ESA Science & Technology - Publication Archive
Chronology is the key to understanding climatically and tectonically driven changes on Mars. The objective of the present proposal was to assess the potential of in-situ Martian sediment dating using luminescence techniques. The work was divided into two parts:
- a) Work package 1 : Review and optimisation of appropriate techniques and instrumentation
b) Work package 2 : Laboratory measurements and proposals for instrumentation.
The aim of the activity was to develop and test an Instrumented Mole System (IMS) - i.e. a system able to deploy a mobile penetrometer carrying a payload of sensors for sub-surface measurements - to be mounted on a Planetary Lander.
This IMS could potentially be used on future planetary missions such as those for the exploration of the surface of Mercury or on other planets.
Context: In 2004 asteroid (2867) Steins has been selected as a flyby target for the Rosetta mission. Determination of its spin period and the orientation of its rotation axis are essential for optimization of the flyby planning.
Aims: Measurement of the rotation period and light curve of asteroid (2867) Steins at a phase angle larger than achievable from ground based observations, providing a high quality data set to contribute to the determination of the orientation of the spin axis and of the pole direction.
Methods: On March 11, 2006, asteroid (2867) Steins was observed continuously for 24 h with the scientific camera system OSIRIS onboard Rosetta. The phase angle was 41.7 degrees, larger than the maximum phase angle of 30 degrees when Steins is observed from Earth. A total of 238 images, covering four rotation periods without interruption, were acquired.
Results: The light curve of (2867) Steins is double peaked with an amplitude of 0.23 mag. The rotation period is 6.052 +- 0.007 h. The continuous observations over four rotation periods exclude the possibility of period ambiguities. There is no indication of deviation from a principal axis rotation state. Assuming a slope parameter of G = 0.15, the absolute visual magnitude of Steins is 13.05 +/- 0.03.
- Hubble's Bequest to Astronomy
- PHLAG: Pipeline for Hubble Legacy Archive Grism Data
- ESA-ESO Topical Science Working Groups
- Solar System Bodies in Hubble Observations
- Staff Update
- Communication of the "Pluto Affair"
- NASA Award for ST-ECF Staff
- The International Year of Astronomy 2009
- Servicing Mission 4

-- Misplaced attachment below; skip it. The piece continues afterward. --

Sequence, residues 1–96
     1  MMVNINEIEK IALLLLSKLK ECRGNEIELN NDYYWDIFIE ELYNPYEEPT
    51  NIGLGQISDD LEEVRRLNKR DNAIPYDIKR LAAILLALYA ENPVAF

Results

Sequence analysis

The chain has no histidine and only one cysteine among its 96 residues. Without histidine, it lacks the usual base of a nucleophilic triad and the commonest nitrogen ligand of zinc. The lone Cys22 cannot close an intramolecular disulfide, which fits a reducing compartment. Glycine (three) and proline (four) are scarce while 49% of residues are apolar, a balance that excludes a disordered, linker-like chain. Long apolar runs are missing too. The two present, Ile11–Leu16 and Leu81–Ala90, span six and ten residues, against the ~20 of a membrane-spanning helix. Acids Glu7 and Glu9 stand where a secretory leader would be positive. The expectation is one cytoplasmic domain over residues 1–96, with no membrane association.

We present the first identification of large-scale structures (LSS) at z < 1.1 in the Cosmic Evolution Survey (COSMOS). The structures are identified from adaptive smoothing of galaxy counts in the pseudo-3d space (R.A., Dec., z) using the COSMOS photometric redshift catalog. The technique is tested on a simulation including galaxies distributed in model clusters and a field galaxy population - recovering structures on all scales from 1 to 202 without a priori assumptions for the structure size or density profile. Our procedure makes no a priori selection on galaxy spectral energy distribution (SED, for example the Red Sequence), enabling an unbiased investigation of environmental effects on galaxy evolution. The COSMOS photometric redshift catalog yields a sample of 1.5 × 105 galaxies with redshift accuracy, delta zFWHM/(1 + z) d 0.1 at z < 1.1 down to IAB d 25 mag. Using this sample of galaxies, we identify 42 large-scale structures and clusters. Projected surface-density maps for the structures indicate multiple peaks and internal structure in many of the most massive LSS. The stellar masses (determined from the galactic SEDs) for the LSS range from M* ~ 1011 up to ~ 3 × 1013 Msun. Five LSS have total stellar masses exceeding 1013 Msun. (Total masses including non-stellar baryons and dark matter are expected to be ~ 50 - 100 times greater.) The derived mass function for the LSS is consistent (within the expected Poisson and cosmic variances) with those derived from optical and X-ray studies at lower redshift.
Venus Express was launched in late October, 2005, and arrived at the planet in April 2006, where it is now in orbit and the return to Earth of new information about Venus' atmosphere, surface, and space environment has begun. The purpose of this special issue of Planetary and Space Science is to lay out the background to the mission, in terms of the planet and its mysteries as well as the spacecraft, its instruments, and the planned observations, in order to review the context in which the new results will be analysed and interpreted.
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